Global regulators are preparing to tighten restrictions on investment funds and shadow lenders, concluding they threatened the stability of the financial system at the height of this year’s pandemic-fueled market volatility. Key areas of vulnerability during the March mayhem included big investors’ dash for cash, significant redemptions in mutual funds and non-government money market funds, as well as leveraged hedge fund trades in Treasuries, the Financial Stability Board said. The FSB indicated it would issue proposals next year to make money market funds more resilient and then address risks posed by the broader non-bank financial sector in 2022. (Bloomberg Markets | Nov 16)

They were once America’s corporate titans. Beloved household names. Case studies in success. But now, they’re increasingly looking like something else — zombies. And their numbers are swelling. From Boeing, Carnival and Delta Air Lines to Exxon Mobil and Macy’s, many of the nation’s most iconic companies aren’t earning enough to cover their interest expenses (a key criterion, as most market experts define it, for zombie status). (Bloomberg Markets | Nov 17)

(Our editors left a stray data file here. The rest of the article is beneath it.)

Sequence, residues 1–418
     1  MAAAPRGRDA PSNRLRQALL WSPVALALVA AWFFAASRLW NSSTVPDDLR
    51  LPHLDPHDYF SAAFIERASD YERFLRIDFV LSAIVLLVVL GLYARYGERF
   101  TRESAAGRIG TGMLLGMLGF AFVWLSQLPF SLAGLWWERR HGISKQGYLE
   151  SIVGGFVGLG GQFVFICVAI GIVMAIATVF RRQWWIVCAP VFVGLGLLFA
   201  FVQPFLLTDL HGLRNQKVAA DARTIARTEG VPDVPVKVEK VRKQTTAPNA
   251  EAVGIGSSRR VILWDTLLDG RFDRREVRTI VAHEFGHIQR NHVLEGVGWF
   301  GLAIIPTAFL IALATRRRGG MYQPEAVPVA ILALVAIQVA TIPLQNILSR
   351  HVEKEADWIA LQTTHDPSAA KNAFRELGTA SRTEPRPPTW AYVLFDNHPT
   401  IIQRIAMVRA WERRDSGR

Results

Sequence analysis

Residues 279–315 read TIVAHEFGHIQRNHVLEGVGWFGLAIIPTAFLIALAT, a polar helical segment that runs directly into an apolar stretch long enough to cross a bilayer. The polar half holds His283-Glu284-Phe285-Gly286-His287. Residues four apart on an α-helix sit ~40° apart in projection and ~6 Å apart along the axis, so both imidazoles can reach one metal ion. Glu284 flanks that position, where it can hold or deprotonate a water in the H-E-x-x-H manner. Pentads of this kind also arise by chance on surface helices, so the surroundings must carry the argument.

SEC to drop hedge fund stock secrecy rule overhaul
(Nov 17) — The U.S. Securities and Exchange Commission isn’t planning to finalize a controversial plan that would have let most hedge funds to keep their stock investments secret, Chair Jay Clayton said Tuesday. Clayton said the SEC wasn’t moving forward in a response to a lawmaker’s question during a virtual hearing of the Senate Banking Committee. The SEC’s July proposal for changing the rule known as 13-F was roundly criticized by company executives, academics and investment firms.